Binding and hydrolysis of ATP is known to drive Hsp90 repeatedly through its chaperone catalytic cycle21,22. We initiated conformational cycling by adding excess ATP in oxygen-depleted solutions to the immobilized Hsp90 constructs LidAtto542-NMJF646, DSAtto542-NMJF646 and DSAtto542-LidJF646. Conformational changes associated with closing and opening of the molecular clamp were observed simultaneously from the three remote sites in two-colour sm fluorescence intensity time traces. They were evident as spontaneous, stochastic events of fluorescence quenching and recovery (Fig. 4c). By contrast, sm fluorescence time traces recorded in the absence of ATP showed hardly fluorescence fluctuations (Fig. 4d). This demonstrated that the fluctuations observed in the presence of ATP originated from PET fluorescence quenching and recovery at local sites in Hsp90 during conformational cycling. The large majority of ATPase-induced fluorescence fluctuations occurred in concert in all three constructs (Fig. 4c). However, we also observed some rare non-synchronous transitions, besides eventual photo-bleaching of fluorophores (Supplementary Fig. 6). Non-synchronous transitions were also observed as rare events in some of the time traces recorded under nucleotide-free conditions (Supplementary Fig. 7). It was apparent that non-synchronous transitions occurred only from fluorescent to fluorescence-quenched states and not vice versa. In order to assess whether the non-synchronous fluctuations originated from processes other than PET we generated a control construct that did not contain engineered Trp residues, namely DSAtto542-noTrp-NMJF646-noTrp. Construct DSAtto542-noTrp-NMJF646-noTrp was the same construct as DSAtto542-NMJF646 but lacked mutations E162W and N298W serving as PET electron donors in DSAtto542-NMJF646. We measured two-colour smPET fluorescence intensity time traces from DSAtto542-noTrp-NMJF646-noTrp and found that it was void of fluctuations, both in the presence and in the absence of ATP (Supplementary Fig. 8). This indicated that the non-synchronous transitions observed from Trp-containing constructs originated from PET fluorescence quenching and thus reported on rare, spontaneous conformational transitions. Interestingly, however, we observed some rare smFRET events, i.e., anti-correlated signal changes of Atto542 and JF646 fluorescence, in the control construct DSAtto542-noTrp-NMJF646-noTrp measured in the presence of ATP (Supplementary Fig. 8b). These were lacking in measurements without ATP (Supplementary Fig. 8c). The fluorescence emission spectrum of Atto542 shows some overlap with the absorption spectrum of JF646, indicating that FRET from Atto542 to JF646 is possible (Fig. 3b) and explaining the observation. Two-colour time traces recorded from Hsp90 constructs containing intact PET reporters were void of FRET because PET efficiently depopulates the electronically excited states of both labels upon conformational change.
The ATPase-driven conformational cycle of Hsp90 is dominated by concerted motions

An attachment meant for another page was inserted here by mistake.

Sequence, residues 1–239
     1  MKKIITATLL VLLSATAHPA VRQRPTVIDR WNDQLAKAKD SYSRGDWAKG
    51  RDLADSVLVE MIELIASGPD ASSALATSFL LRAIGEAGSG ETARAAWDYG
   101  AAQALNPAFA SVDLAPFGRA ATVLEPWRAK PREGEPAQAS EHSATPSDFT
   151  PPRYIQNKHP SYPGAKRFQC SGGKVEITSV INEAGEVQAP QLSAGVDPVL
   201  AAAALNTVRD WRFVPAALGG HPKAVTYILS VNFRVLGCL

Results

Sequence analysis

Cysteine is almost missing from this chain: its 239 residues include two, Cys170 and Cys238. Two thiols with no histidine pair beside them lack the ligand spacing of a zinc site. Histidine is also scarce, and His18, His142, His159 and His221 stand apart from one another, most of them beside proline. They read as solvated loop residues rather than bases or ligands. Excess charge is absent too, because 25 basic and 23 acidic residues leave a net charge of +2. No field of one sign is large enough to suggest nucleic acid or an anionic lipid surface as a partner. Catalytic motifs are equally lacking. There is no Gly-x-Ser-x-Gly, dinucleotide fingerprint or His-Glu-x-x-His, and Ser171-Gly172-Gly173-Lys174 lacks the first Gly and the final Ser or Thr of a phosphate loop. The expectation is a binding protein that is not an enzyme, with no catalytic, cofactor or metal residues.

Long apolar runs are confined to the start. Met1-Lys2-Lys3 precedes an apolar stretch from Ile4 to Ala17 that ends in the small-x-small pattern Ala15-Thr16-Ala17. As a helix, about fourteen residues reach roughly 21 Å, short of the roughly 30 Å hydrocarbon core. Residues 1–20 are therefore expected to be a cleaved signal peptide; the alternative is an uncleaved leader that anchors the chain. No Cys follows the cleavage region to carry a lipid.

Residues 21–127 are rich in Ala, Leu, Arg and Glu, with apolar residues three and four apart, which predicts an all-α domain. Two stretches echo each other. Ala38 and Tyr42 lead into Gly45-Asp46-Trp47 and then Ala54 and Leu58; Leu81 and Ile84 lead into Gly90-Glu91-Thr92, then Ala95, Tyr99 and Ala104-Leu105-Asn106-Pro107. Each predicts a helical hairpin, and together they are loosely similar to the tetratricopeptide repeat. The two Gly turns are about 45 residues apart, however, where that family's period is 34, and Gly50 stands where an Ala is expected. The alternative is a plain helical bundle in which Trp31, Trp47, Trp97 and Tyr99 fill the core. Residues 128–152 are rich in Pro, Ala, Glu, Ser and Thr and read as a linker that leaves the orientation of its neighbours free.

We quantified the numbers of synchronous ATPase-driven conformational changes of Hsp90 detected in two-colour smPET fluorescence data. For LidAtto542-NMJF646, DSAtto542-NMJF646 and DSAtto542-LidJF646 we analyzed sm fluorescence intensity time traces from about 150 molecules that were successfully labelled with both fluorophores, i.e. showed co-localization of Atto542 and JF646 fluorescence in TIRF images. We assigned fluorescence fluctuations in the green and in the red detection channel as synchronous if they occurred within a time window of 1.8 s (six frames), which is a narrow time window considering the minutes time-scale of ATPase activity of Hsp90. For the reporter pairs LidAtto542-NMJF646, DSAtto542-NMJF646 and DSAtto542-LidJF646, measured in the presence of ATP, we found a total of 422 synchronous and 62 non-synchronous transitions, 516 synchronous and 55 non-synchronous transitions, and 322 synchronous and 57 non-synchronous transitions, respectively. The relative number of non-synchronous transitions was thus between 10–18%, i.e. the majority of transitions occurred in concert (Fig. 5a). We analyzed the dwell times in conformational states. A fluorescent state was assigned to an “open” conformation and a fluorescence-quenched state was assigned to the “closed” conformation of the respective structural element (in reference to the globally open and closed conformations of the molecular clamp). Data were analyzed using cumulative sum plot representations of dwell times. Cumulative sum plots avoid complications in variations of kinetic quantities in the analysis of common histogram representations arising from variations in bin size40,41. Representative cumulative sum plots including their analyses are shown in Fig. 5b–d. The entire data set including analyses is shown in Supplementary Figs. 9 and 10. The majority of cumulative sums of dwell times in open states, describing kinetics of closure, were best described by bi-exponential functions (Supplementary Fig. 9). However, some of the data fitted well to mono-exponential functions (Fig. 5b–d, Supplementary Fig. 9). Bi-exponential kinetics of closure can be explained by heterogeneity of the open-clamp conformational ensemble of Hsp9029,42,43 from which transitions occur and by the presence of non-synchronous fluctuations contained in the data. Rate constants of closure, kc, calculated as the inverse of the sum of fitted time constants in bi-exponential decays weighted by the respective amplitudes, as done in previous bulk PET fluorescence measurements29, were between ~0.5–1.5 min−1. They were similar between the pairs of reporters considering experimental error (Fig. 5f). Kinetics of opening, determined from dwell times in the PET fluorescence-quenched states, were best described by mono-exponential functions (Fig. 5b–d). Some of the data required a bi-exponential function to describe them accurately (Supplementary Fig. 10). Rate constants of opening were ~5 min−1 and within error between colours and variants (Fig. 5f). Similarity of kinetics of opening are explained by a structurally well-defined closed-clamp conformation from which transitions occur. In kinetics of closure, however, we observed some significant deviations of rate constants between colours and constructs, which can be explained by heterogeneity of the open-clamp conformational ensemble of Hsp90, the presence of non-synchronous fluctuations and uncertainties of fits to single-molecule data that suffer from inherently low statistics compared to bulk fluorescence signals29. Rate constants of closure of constructs containing the DS reporter were slightly higher compared to the ones measured from LidAtto542-NMJF646 (Fig. 5f). In the DS reporter, the N-terminus of Hsp90 is modified with a label. Since the N-terminal tail of Hsp90 is known to modulate its ATPase activity44,45 we speculated that the aromatic label placed on the N-terminus at position A2C was responsible for acceleration. To test this hypothesis we introduced Trp as a natural, aromatic amino acid to the N-terminus of Hsp90 using site-directed mutagenesis (mutant A2W). We measured and analyzed kinetics of two-colour smPET fluorescence data recorded from construct LidAtto542-NMJF646 containing mutation A2W (termed LidAtto542-A2W-NMJF646). We found that the rate constant of closure of construct A2W was higher compared to the one determined from the construct lacking mutation A2W (Fig. 5e, f; Supplementary Table 1). We measured the effect of mutation A2W on kinetics of closure of one-colour Hsp90 reporter NMJF646 in bulk using a benchtop fluorimeter. The mean rate constants of NM-association, triggered by binding of AMP-PNP in bulk, was 0.18 ± 0.01 min−1 forfluorescently modified Hsp90 without Trp A2W, and 0.29 ± 0.03 min−1 for fluorescently modified mutant A2W, which corresponded to a 1.6-fold acceleration (Fig. 5g). ATPase assays yielded rate constants of 0.13 ± 0.01 min−1 and 0.23 ± 0.01 min−1, at 25 °C, for non-modified wild-type Hsp90 and mutant A2W, respectively, which corresponded to a 1.8-fold acceleration (Supplementary Fig. 11). Results confirmed the accelerating effect induced by an aromatic moiety at the N-terminus of Hsp90 and our analysis of two-colour smPET fluorescence data.